How to Build a Trustworthy Robot
Robot narratives have been with us for a long time, 155 years to be exact, when Steam Man of The Steam Man of the Prairies first made an appearance in a dime-store novel. Since then, humans have fantasized, advised and prophesized about robots existing among us.
But would people actually trust these fictional robots if they were real? That’s a question that got University of Florida College of Journalism and Communications researchers thinking about how humans respond to social cues generated by “social robots”—robots that possess the capacity to interact with people.
Social cues are non-verbal signals that humans use to communicate with each other, including facial expressions, body language, eye gaze and tone of voice. Humans depend on social cues to regulate interactions with others and to build and strengthen relationships.
Social cues can also affect our interactions with robots. For example, we may be more likely to trust a robot that uses friendly facial expressions and makes eye contact with us. We may also be more likely to follow instructions from a robot that we perceive to be competent.
Media Production, Management, and Technology Assistant Professor in Emerging Media Kun Xu, doctoral student Mo Chen and alumna Leping You, M.A.M.C 2014, Ph.D. 2020, began with the premise that although there has been some research that distinguishes the different effects between voice and text, gestures and movements, and human voices and synthetic voices, there has not been a systematic organization of existing research about different robot responses to social cues from humans.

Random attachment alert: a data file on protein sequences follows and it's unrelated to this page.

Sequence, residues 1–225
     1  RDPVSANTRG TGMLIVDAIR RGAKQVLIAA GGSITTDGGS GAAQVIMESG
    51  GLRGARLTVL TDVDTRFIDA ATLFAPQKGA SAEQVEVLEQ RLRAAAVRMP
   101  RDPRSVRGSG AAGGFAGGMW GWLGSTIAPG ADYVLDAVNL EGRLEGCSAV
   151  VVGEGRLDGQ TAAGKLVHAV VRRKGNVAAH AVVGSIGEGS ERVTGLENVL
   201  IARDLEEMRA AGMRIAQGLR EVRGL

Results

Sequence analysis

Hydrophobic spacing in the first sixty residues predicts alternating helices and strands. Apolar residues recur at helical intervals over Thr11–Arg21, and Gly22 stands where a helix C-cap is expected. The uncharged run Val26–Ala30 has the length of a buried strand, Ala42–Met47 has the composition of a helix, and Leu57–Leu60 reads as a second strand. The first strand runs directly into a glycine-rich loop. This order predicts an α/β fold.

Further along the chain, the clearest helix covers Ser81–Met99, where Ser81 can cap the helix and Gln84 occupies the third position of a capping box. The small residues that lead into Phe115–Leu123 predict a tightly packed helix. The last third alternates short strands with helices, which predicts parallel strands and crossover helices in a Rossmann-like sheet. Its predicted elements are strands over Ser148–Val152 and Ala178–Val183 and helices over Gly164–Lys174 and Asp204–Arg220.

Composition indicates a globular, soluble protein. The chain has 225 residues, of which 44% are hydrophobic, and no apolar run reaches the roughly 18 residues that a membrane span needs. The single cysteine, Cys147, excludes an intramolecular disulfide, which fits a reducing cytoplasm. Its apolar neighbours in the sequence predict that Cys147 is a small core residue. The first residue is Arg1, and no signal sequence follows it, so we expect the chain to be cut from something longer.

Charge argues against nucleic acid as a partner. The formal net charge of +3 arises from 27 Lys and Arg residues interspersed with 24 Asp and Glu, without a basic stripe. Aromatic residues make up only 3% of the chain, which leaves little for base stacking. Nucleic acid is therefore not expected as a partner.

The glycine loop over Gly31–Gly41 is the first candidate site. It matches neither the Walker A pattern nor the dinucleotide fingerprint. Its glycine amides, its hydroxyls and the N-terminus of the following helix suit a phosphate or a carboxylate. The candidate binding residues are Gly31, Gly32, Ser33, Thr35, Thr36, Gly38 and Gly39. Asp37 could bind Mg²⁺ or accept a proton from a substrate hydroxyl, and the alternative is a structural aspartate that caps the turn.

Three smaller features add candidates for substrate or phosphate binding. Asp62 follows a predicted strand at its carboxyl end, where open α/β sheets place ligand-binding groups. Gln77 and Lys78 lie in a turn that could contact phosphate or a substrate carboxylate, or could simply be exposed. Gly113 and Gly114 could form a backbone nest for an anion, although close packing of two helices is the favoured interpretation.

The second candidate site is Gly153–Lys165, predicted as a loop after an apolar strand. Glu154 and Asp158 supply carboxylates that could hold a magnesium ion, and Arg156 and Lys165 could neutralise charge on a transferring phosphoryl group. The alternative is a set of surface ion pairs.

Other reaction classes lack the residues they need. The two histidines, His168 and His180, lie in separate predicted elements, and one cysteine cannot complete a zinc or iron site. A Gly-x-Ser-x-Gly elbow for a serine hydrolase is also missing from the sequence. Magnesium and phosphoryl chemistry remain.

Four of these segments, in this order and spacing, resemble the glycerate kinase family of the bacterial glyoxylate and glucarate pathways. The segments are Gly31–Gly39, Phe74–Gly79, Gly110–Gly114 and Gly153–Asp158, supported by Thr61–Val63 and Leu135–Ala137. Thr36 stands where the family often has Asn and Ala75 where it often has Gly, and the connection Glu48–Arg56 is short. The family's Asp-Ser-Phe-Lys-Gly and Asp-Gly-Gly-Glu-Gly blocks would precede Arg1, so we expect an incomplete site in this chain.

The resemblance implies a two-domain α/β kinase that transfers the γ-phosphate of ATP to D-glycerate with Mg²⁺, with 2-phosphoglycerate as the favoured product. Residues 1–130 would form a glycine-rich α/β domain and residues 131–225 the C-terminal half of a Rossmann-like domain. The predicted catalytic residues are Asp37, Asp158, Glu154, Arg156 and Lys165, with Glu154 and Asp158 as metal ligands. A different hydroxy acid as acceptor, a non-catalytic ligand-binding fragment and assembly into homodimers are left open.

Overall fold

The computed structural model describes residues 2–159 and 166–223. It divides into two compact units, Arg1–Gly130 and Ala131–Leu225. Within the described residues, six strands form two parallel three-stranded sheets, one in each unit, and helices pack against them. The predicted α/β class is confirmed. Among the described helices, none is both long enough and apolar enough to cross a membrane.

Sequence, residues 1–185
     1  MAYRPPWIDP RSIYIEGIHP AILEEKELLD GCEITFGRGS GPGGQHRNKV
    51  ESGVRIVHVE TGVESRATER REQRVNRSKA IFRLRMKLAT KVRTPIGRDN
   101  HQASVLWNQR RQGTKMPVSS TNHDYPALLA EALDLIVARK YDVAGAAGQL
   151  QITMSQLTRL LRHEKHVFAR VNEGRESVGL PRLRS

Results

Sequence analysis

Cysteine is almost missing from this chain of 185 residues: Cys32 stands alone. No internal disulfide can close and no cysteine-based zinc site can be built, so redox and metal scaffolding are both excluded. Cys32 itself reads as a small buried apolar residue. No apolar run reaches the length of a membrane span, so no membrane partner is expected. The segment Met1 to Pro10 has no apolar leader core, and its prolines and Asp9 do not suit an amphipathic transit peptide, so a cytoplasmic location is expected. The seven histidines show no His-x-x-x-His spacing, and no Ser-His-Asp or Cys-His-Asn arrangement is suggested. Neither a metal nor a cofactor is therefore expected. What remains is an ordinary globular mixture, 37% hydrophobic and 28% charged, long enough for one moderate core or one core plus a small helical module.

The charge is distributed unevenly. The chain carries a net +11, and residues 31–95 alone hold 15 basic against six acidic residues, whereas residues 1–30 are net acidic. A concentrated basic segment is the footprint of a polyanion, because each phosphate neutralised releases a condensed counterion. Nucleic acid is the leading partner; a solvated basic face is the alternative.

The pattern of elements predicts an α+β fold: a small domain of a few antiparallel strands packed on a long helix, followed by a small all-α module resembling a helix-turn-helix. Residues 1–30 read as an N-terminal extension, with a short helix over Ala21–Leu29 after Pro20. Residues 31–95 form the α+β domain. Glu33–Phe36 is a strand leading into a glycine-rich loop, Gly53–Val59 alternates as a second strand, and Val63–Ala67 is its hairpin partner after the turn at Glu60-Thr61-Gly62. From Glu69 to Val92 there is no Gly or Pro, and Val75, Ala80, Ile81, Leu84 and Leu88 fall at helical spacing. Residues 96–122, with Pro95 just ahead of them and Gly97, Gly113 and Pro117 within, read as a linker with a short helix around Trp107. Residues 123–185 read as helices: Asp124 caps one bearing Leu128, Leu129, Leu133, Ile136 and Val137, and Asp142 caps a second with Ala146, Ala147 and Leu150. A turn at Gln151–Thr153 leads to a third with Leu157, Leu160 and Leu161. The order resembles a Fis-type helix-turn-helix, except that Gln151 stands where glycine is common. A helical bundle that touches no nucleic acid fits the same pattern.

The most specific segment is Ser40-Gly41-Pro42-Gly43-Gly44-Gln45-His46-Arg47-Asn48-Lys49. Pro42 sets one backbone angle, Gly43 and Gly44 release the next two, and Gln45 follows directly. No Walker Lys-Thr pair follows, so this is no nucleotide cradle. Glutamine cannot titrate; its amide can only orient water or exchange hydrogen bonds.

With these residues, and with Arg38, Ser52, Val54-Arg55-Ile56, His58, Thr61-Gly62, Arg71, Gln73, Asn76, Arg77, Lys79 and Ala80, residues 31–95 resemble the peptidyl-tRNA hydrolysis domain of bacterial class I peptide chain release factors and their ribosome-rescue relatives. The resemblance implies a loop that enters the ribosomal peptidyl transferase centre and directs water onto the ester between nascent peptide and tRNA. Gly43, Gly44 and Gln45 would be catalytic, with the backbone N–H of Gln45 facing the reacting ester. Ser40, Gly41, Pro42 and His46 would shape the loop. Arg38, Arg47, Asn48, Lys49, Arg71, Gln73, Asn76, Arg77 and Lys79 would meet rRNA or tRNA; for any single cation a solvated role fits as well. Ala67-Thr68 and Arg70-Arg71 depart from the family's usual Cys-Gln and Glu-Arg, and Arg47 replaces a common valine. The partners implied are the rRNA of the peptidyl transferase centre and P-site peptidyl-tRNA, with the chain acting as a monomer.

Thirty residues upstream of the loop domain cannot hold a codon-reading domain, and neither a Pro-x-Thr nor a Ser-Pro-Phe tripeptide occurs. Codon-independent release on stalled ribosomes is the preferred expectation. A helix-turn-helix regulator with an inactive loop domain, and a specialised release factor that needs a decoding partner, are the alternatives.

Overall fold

The researchers conducted two meta-analyses of already existing studies to synthesize the findings. All of the studies suggested that “some cues may be more powerful than others in evoking users’ natural and instinctive responses to social actors.”
The meta-analyses found that social cues have positive but small-sized effects on users’ social responses, meaning that humanlike cues have stronger effects than machinelike cues. More specifically, facial and kinetic cues have medium-to-large-sized effects on users’ social presence and trust. This means that robots with facial and kinetic cues are more likely to be perceived as real people and trustworthy, which can guide future social robot designers as they forge ahead in this brave, new world of human–robot interaction.
The original article, “The Hitchhiker’s Guide to a Credible and Socially Present Robot: Two Meta-Analyses of the Power of Social Cues in Human–Robot Interaction,” was published online in the International Journal of Social Robotics on Jan. 18, 2023.
This summary was written by Gigi Marino.